The interface between physics and biology is experiencing a revolution much like the one experienced by 17th century astronomers. Then, like now, new quantitative techniques allowed unprecedented observations, which in turn demanded quantitative reasoning. Galileo's approach subjected the laws of motion to a unique blend of experiment and theory, before finally being placed in a predictive mathematical context. This style of inquiry, long favored by physicists, is now being applied to the biological sciences with increasing frequency. New experimental tools are elucidating phenomena ranging from the forces experienced by single biomolecules to the complex regulatory networks of gene expression, and the target biophysical problems range from the metabolism of individual cells to the dynamics of entire populations. The power of this physics-based approach is now widely recognized as essential for approaching all grand challenges in the biological sciences, from combating cancer to unraveling the mysteries of the brain.
Motivated by the promise of this approach at the physics/biology interface, the PhD program in Physical Biology integrates biophysical research experience leading to a dissertation with state-of-the art curriculum that (i) introduces molecular and cell biology to quantitatively minded students; (ii) presents a rigorous treatment of the physical principles underlying biological phenomena; and (iii) emphasizes the emerging physical methods that has transformed the biological sciences into a quantitative discipline. While distinct in its intellectual focus from existing graduate programs at USC, this program harnesses the critical mass of research-active biophysicists in multiple departments (physics, biological sciences, chemistry, multiple engineering departments, and the Keck School of Medicine of USC.
The Physical Biology (PBIO) PhD program is designed for graduate students who seek a quantitative framework for understanding the physical principles of biological organization and function. These students may have backgrounds from physics, engineering, mathematics and chemistry, but seek to wield their quantitative skills in the basic or applied life sciences. The program is also for students with training in the biological sciences looking for training and research opportunities grounded the physical sciences. and who seek a fundamental understanding of biological systems not emphasized in PhD programs associated with departments of biology, medicine, bioinformatics, or engineering. Graduates will likely move onto careers including medicine, pharmaceuticals and biotechnology, as well as career opportunities open to graduates with training in the physical sciences. Graduates may also pursue academic positions in the growing area of biophysics.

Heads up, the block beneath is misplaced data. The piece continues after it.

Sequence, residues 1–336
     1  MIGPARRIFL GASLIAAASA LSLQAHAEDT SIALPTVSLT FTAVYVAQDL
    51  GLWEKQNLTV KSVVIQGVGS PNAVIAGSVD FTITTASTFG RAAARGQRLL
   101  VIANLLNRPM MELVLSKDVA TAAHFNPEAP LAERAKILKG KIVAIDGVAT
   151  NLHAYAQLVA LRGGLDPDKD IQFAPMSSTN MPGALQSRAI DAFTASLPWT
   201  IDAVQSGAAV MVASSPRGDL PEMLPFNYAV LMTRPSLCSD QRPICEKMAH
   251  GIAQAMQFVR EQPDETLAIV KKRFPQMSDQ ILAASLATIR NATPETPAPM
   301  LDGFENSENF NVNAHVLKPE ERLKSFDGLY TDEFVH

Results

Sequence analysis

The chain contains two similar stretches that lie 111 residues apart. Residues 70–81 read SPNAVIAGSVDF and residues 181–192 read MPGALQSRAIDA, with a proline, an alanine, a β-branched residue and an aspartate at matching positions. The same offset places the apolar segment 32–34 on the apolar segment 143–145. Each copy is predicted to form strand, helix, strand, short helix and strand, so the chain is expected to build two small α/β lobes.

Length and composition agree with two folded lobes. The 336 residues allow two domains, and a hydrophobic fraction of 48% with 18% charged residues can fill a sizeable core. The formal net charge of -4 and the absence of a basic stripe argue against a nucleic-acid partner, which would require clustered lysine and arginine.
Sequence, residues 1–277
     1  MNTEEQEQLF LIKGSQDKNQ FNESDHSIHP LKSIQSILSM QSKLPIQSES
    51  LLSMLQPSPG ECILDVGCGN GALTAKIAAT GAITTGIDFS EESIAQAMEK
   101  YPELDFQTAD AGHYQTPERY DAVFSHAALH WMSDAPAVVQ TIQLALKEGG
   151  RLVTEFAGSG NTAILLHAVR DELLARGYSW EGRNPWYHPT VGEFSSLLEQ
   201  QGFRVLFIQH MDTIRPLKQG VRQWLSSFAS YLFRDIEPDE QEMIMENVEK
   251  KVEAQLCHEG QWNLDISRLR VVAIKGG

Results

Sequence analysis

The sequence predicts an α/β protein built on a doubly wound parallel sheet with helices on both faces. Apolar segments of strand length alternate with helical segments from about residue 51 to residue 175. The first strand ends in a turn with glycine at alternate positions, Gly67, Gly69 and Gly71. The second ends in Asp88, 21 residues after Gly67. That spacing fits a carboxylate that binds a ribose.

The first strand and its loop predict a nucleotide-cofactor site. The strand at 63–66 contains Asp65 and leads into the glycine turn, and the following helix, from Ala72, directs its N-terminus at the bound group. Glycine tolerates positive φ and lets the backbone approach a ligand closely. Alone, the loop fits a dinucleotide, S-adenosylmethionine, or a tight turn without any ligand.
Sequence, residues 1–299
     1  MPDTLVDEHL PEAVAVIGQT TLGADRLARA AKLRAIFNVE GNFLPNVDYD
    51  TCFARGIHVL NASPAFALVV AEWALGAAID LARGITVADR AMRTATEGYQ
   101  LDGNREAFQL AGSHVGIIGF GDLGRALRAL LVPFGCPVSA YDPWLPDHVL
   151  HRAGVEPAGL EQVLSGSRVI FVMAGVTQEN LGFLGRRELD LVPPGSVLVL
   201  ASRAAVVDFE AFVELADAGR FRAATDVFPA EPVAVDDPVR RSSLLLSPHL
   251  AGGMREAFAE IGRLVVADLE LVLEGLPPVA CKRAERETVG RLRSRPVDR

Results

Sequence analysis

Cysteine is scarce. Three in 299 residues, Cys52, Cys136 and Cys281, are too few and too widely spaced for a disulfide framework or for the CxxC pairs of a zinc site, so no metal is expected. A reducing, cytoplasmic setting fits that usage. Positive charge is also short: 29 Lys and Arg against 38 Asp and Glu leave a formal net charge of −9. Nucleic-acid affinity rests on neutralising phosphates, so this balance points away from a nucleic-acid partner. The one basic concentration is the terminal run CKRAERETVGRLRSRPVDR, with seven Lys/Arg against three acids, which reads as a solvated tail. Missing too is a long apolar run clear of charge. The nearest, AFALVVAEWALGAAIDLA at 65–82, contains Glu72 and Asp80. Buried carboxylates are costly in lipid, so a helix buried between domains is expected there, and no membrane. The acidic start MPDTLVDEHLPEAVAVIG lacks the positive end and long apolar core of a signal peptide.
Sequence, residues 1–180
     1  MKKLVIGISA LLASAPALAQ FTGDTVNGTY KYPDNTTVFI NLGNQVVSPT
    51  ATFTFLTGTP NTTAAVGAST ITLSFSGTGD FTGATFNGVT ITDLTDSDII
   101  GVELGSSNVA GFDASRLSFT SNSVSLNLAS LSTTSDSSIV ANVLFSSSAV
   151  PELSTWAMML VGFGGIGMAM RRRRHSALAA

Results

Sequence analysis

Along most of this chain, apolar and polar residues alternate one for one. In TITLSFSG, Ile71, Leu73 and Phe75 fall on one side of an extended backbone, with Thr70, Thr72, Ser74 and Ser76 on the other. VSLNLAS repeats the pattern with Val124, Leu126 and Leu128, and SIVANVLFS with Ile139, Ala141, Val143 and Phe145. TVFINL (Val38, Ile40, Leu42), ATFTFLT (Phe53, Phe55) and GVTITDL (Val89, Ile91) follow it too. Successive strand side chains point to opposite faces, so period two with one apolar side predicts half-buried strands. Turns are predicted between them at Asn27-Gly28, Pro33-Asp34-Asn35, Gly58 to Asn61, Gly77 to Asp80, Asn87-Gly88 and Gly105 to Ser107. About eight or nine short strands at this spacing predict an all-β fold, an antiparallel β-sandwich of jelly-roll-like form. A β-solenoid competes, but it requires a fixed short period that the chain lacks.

Admission decisions will be made by the Department of Physics and Astronomy's Graduate Admissions Committee, which will be advised by the PBIO Program Committee (including representatives from other departments). The prerequisite for admission to the Physical Biology (PBIO) PhD program is a bachelor's (or master's) degree in physics, chemistry, biological sciences, engineering or a related field that stresses quantitative training. Successful applicants will have completed undergraduate course work in mathematics (including calculus), physics, chemistry and biological sciences. All applicants for admission must take the Graduate Record Examination (GRE). Transcripts of undergraduate records as well as transcripts of any graduate-level courses are required. The TOEFL or IELTS is required of international students applying for a teaching assistantship as well as for those applying for admission only. Applicants may be admitted to the program at the beginning of the fall or spring semester.
Potential applicants are encouraged to inquire about the program by contacting one or more members of the PBIO Program Committee prior to submitting the online application. In addition to the required test scores, as appropriate, applicants will submit a detailed personal statement explaining the reasons for applying to the PBIO Program, description of previous or ongoing research, and three letters of recommendation. Applicants who are deficient in some areas may be required to remedy the deficiencies as a condition of admittance to the program.
A minimum of 60 units is required.